As European teams set out on their paths to the 2022 World Cup, scrutiny of Qatar is far from subsiding.
Criticism is intensifying as teams come under pressure from activists and fans to register disapproval of discriminatory laws and conditions for the migrant workers preparing the Gulf nation for kickoff on Nov. 21 next year.
Just this week, FIFA President Gianni Infantino received a letter from Amnesty International recognizing Qatar’s recent progress in improving worker rights since being awarded the World Cup in a 2010 vote but asking for enforcement of those changes to be prioritized.
Qatar says it on track to complete all eight stadiums by the start of 2022 after spending tens of billions of dollars upgrading infrastructure in the tiny, gas-rich nation. Half the venues are already open.
No country has announced plans to boycott the tournament, although Norway, which features Borussia Dortmund star Erling Haaland, is facing calls to do so from some top division clubs, including Rosenborg and Tromso.
Norway coach Stale Solbakken has indicated his players will use their first qualifier — against Gibraltar on Wednesday — to register concerns about human rights abuses in Qatar.
“The word dialogue is very vague and very cowardly. There must be pressure. Direct measures must be taken to make things better,” Solbakken told Norwegian broadcaster TV2. “We can do things that the world might see. Sports can send signals.”
In the Netherlands, stand-in captain Georginio Wijnaldum cautioned Tuesday against linking anti-racism campaigns with moves to reduce discrimination in Qatar against workers from south Asia.
“It is not that we have chosen to play football in Qatar ourselves,” said Wijnaldum, who won the Club World Cup in Qatar with Liverpool in 2019.
The Dutch football federation (KNVB) said it was “absolutely appalling” to see that more than 6,500 migrant workers in Qatar from India, Pakistan, Nepal, Bangladesh and Sri Lanka have died in the last decade, according to research by The Guardian newspaper.
“The KNVB has never been in favor of holding the World Cup in Qatar and of course certainly doesn’t approve of the way in which migrant workers are treated there,” the federation said.
Qatar only provides details of the deaths of stadium workers, saying there have been 38, of which three have been work-related. One of those came on the site of the Khalifa International Stadium, where British worker Zac Cox was found by a British coroner to have fallen from a suspended walkway due to dangerous working conditions.
FIFA and Qatar have declined requests to release details from the inquiry into the 2017 death and how the failings were addressed.
Preparing for the World Cup is about a lot more than building the stadiums, with roads, a Metro system and hotels to be constructed — often in the fierce heat that led to the tournament being shifted from FIFA’s usual June-July slot. The Qatari government provides no data on fatalities, nor are there the type of open death inquests like the one eventually conducted back in Britain on Cox.
Projects under the auspices of the World Cup were quicker to improve living and building conditions for migrant workers after pressure from rights groups, which also highlighted excessive working hours, unpaid wages and restrictions on freedom of movement.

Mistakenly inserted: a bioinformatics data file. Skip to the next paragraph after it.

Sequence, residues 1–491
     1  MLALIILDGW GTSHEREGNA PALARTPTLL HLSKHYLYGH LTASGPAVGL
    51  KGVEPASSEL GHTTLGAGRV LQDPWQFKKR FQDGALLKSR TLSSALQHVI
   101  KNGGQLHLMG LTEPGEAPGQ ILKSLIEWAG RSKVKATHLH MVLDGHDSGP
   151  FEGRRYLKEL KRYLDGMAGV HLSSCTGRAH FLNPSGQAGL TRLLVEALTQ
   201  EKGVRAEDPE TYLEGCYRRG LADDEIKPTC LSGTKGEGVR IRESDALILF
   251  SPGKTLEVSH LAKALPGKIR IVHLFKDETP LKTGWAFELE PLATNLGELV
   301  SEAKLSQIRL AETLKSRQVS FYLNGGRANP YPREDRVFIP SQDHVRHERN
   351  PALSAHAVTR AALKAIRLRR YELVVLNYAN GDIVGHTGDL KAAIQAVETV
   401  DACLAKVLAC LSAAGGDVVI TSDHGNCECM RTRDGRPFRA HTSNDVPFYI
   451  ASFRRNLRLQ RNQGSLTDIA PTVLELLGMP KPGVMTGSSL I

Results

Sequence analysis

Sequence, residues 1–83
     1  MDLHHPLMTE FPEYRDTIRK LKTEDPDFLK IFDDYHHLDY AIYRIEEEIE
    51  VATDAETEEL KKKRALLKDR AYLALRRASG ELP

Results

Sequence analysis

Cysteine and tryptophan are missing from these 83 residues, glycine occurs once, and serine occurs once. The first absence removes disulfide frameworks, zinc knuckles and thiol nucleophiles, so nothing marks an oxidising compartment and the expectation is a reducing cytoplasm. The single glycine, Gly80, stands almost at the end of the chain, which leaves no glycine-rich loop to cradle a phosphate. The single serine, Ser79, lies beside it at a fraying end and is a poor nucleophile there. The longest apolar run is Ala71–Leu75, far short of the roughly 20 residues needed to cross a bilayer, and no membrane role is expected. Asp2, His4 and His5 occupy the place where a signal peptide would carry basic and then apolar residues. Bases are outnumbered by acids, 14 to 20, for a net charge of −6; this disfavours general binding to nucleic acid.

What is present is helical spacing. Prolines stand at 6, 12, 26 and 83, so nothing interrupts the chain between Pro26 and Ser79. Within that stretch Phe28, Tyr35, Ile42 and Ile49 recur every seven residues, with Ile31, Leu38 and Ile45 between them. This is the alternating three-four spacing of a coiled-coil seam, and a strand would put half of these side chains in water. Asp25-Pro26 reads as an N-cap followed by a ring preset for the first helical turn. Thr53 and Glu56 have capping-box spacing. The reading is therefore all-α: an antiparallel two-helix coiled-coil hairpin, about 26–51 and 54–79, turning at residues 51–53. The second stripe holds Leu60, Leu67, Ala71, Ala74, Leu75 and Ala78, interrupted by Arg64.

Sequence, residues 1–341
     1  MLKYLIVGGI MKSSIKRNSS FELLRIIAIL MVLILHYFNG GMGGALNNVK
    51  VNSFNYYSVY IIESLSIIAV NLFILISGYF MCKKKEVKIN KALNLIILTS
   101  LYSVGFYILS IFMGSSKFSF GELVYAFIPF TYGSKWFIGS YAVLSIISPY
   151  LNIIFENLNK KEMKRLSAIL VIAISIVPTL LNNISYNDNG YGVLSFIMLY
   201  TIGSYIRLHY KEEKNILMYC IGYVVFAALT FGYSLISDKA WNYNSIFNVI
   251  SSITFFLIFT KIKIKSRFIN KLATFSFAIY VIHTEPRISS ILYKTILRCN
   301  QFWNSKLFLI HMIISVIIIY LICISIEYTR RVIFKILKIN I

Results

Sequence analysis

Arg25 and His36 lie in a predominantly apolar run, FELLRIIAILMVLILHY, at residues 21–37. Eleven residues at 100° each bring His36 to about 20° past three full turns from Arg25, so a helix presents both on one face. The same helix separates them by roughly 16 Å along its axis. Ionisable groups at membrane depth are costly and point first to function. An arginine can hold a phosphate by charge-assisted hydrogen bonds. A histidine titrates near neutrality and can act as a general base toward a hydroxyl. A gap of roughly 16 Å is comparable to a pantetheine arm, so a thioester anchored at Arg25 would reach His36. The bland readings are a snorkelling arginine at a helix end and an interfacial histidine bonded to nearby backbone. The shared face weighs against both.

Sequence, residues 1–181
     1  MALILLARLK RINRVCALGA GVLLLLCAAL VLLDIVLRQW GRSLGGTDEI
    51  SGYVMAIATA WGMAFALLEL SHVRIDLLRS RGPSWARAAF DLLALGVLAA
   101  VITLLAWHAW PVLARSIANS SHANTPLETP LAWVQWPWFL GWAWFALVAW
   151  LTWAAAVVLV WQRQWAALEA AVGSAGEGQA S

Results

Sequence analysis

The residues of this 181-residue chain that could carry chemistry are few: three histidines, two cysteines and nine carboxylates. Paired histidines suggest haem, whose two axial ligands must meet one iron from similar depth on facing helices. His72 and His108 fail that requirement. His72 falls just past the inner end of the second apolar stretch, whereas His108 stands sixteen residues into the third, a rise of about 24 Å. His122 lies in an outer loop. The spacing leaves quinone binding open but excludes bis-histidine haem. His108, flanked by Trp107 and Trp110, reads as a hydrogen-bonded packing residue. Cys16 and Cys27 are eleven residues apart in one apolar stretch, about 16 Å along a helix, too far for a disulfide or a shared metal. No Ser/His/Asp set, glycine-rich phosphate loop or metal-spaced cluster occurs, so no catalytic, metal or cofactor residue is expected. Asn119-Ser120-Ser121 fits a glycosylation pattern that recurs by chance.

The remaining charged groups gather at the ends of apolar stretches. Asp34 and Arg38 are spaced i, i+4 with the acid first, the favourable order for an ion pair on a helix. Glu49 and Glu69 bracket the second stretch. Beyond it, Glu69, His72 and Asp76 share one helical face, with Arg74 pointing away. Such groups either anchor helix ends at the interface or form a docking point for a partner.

Amnesty this week welcomed “a number of positive reforms” introduced, but also said reforms are “often not properly implemented, and thousands of migrant workers are still exploited and abused.” The rights group claims Qatar’s advisory body, the Shura Council, is seeking to re-impose restrictions on workers’ rights to change jobs or leave Qatar.
The Qatari government said those changes were staying along with introducing, from Saturday, a non-discriminatory minimum wage.
The only one of the 32 countries to have secured its place at the finals is the one making its World Cup debut: Qatar, thanks to its status as host. The Asian champions will be gaining crucial match experience after being paired to play friendlies against the teams in the European qualifying group containing European champion Portugal.
Because of the coronavirus pandemic, the last region to start qualifying will be Oceania to determine which nation plays an intercontinental playoff to try to secure a place at the finals.
Qualifying in South America began last year but is on hold due to travel restrictions. Like Europe, qualifying is beginning this week in the CONCACAF region which includes North America. In Asia, some teams are resuming qualifying this week.
The main group stage in African qualifying is due to start in June.
Qatar has been the target of allegations of wrongdoing over how it convinced FIFA voters in 2010 to award it the World Cup. FIFA’s own corruption investigation found no evidence it said warranted stripping Qatar of the hosting rights. But fresh claims emerged only last year when American prosecutors alleged bribes were paid to FIFA executive committee members to gain their votes for Qatar. FIFA has never opened an investigation to examine those specific allegations.
Even before the pandemic, FIFA took out insurance coverage of $900 million to protect against the potential cancellation, postponement or relocation of the World Cup. FIFA hopes the roll-out of vaccines for COVID-19 can ensure full stadiums and a regular World Cup.
Fewer sponsor slots have been sold compared with the same stage before previous editions of the men’s tournament, although FIFA is budgeting to generate $1.35 billion from commercial rights as part of an overall World Cup revenue of $4.67 billion. In the 2019-2022 World Cup cycle, FIFA is projecting revenue of $6.44 billion, slightly up from the previous four-year period including the tournament in Russia.
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